The Third Rung: Esports Organizations

Esports Teams: Valued as Tech Companies | by Josh Chapman ...
Photo Retrieved from “Esports Teams: Valued as Tech Companies” https://medium.com/konvoy/esports-teams-valued-as-tech-companies-79d134a3e00d

Esports organizations (or “orgs” for short) are companies that contract with top esports players to get them to compete underneath the organization’s brand. This is no small issue, as these “brands” are a big deal in the esports industry. While some brands work internationally, most brands limit themselves to their nation of origin, meaning many North American based esports orgs primarily work with North American citizens and players, and the same applies to brands based in Europe, Asia, Latin America, and more. Some of the biggest North American esports orgs are Team SoloMid, Cloud9, and FaZe Clan. These orgs are so big that they have the funds to contract with the best players from a variety of different games, meaning a single esports organization can appear across dozens of different video game titles. This can be a big deal, as the proliferation of large orgs across various video games allows spectators to grow attached to a specific org, giving them a reason to buy the org’s merchandise or watch one of the org’s top performing teams play even if they are unfamiliar with that specific esport. This is compounded by the fact that orgs often represent their country of origin in international tournaments, meaning there is a certain amount of national pride represented in each org that successfully drafted a team that wound up winning an esports World Championship, adding to its allure.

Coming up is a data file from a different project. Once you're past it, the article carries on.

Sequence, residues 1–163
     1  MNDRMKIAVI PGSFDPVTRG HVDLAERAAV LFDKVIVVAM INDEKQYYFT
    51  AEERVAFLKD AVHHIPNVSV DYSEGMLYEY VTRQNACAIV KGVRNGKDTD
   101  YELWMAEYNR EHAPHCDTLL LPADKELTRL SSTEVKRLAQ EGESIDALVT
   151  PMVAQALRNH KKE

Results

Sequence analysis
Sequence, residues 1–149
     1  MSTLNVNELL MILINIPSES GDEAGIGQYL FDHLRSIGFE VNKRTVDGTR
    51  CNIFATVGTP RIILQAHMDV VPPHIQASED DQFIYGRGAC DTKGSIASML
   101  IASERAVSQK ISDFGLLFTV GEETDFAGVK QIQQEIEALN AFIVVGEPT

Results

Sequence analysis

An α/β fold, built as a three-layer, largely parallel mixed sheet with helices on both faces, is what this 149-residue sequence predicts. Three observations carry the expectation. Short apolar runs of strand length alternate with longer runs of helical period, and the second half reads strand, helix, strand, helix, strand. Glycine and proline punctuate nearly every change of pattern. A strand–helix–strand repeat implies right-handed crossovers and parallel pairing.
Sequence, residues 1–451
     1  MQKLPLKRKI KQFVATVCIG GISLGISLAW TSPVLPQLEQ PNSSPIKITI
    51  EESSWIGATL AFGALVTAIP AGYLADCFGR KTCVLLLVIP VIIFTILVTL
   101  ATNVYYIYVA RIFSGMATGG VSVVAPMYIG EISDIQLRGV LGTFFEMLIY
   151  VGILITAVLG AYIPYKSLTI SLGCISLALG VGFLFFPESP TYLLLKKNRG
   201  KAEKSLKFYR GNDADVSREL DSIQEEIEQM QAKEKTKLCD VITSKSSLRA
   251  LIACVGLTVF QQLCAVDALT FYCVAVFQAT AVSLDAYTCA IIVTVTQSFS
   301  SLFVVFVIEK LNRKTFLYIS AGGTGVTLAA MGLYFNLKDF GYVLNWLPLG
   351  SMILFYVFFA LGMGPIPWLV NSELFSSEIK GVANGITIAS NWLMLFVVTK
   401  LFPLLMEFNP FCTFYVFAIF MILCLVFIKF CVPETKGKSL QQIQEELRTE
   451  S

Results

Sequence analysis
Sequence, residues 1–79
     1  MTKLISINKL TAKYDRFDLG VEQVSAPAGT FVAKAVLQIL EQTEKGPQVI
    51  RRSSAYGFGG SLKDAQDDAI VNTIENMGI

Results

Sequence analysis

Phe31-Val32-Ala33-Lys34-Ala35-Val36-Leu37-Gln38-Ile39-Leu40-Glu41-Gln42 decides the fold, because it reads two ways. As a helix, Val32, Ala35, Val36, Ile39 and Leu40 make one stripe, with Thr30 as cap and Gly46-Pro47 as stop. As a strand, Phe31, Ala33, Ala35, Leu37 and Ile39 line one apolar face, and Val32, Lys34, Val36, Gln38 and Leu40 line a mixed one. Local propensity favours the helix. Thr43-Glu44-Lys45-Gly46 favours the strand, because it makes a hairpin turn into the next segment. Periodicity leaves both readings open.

Esports organizations don’t stop there, however. They also often hire coaches and managers for their various teams or players, and sometimes assist their best teams in getting their own practice areas, which tend to be a house equipped with adequate facilities, electronics, and space for a roster of five esports players and their coaches. These locations are called “Gaming Houses,” and can be a huge sign of a team’s (or individual player’s) success in the industry. Organizations also sign and contract influencers and streamers (who are video game players that livestream themselves playing video games, often on sites that allow real time audience interaction such as Twitch) whose personalities and images align with the brand. They also play a huge role in setting up fan meet & greets, deciding what a player under their employ can and can’t do (often based on the terms of their contract), and promoting certain products through endorsements. This list is hardly exhaustive, but hopefully it sheds some light on just how large of a role esports organizations play in the esports scene. It’s this large role that often makes orgs the subject of law suits regarding player grievances or other problems, and similarly makes them a big target of esports law and regulation as it progresses.

Conclusion

There is no doubt that esports differ from conventional sports. Not only are they more tournament-centric, but they also have a slew of different organizations that are all jockeying to be the best brand in the esports industry. In later articles, I will dive deeper into the role each section plays, and also discuss how this decentralized format combines with corporate influences to sometimes leave players with the short end of the stick. For now, however, hopefully this brief overview provides some insight into the wonderful circus of modern day esports.

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JD Candidate 2022 | Buffalo Law Review Note & Comment Editor | Buffalo Sports & Entertainment Law Society Esports Writer